2) I have read app notes that say not to use 0.1uF bypass caps on the output because you can end up with the pole and zero cancelling each other out and the regulator could end up unstable. But most schematics I see have one. Is this because the designer calculates what the zero and pole is or is this normally done in error?

3) Since Regulator #2 says not to use high ESR caps, does that mean regulator #1 and #2 can't use the same output cap? Since #1 would require a minimum ESR greater than the maximum ESR of #2? Even though #2 doesn't specify ESR range.

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What frequency is this part referring too for it's ESR ratings?

and

1) What frequencies are the datasheets referring to when they rate the ESR value? Regulator 1 and 2 seem to have different opinions. AVX Corp datasheet lists all tantalum caps ESR at 100kHz. Is this the industry standard frequency for LDO ESR ratings too?

The problem with 'low ESR' is its a nebulous marketing term, if your really interested in finding what the ESR is for the capacitor, the frequency and impedance for the capacitor must be known. Usually that means actually digging through the capacitors datasheet or requesting manufacturer impedance information (by request I mead looking for the information on their website)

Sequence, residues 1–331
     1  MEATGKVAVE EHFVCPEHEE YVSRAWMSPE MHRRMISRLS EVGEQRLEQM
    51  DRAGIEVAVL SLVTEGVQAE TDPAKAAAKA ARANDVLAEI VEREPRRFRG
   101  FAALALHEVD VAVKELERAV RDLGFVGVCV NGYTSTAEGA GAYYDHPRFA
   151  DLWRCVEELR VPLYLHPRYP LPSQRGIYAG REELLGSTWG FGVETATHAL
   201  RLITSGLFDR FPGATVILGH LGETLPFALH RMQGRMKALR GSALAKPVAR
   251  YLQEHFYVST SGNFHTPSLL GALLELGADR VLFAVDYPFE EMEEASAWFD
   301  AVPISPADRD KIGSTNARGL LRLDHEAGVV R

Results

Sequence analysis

Usually they mean 10kHz to 100kHz but this can vary from LDO to LDO there is no industry standard. Its from the voltage control loop and it varies from design to design.

So from a design perspective this means digging through the datasheet and finding the ripple and the ESR of the capacitor that they used and ensuring that the ESR is lower than that value. So I would find the lowest ESR capacitor that is available on the market and throw that in your design. How do you do that? compare some capacitors and find the one that has the best impedance curve or a lower impedance curve than the capacitors recommended.

enter image description here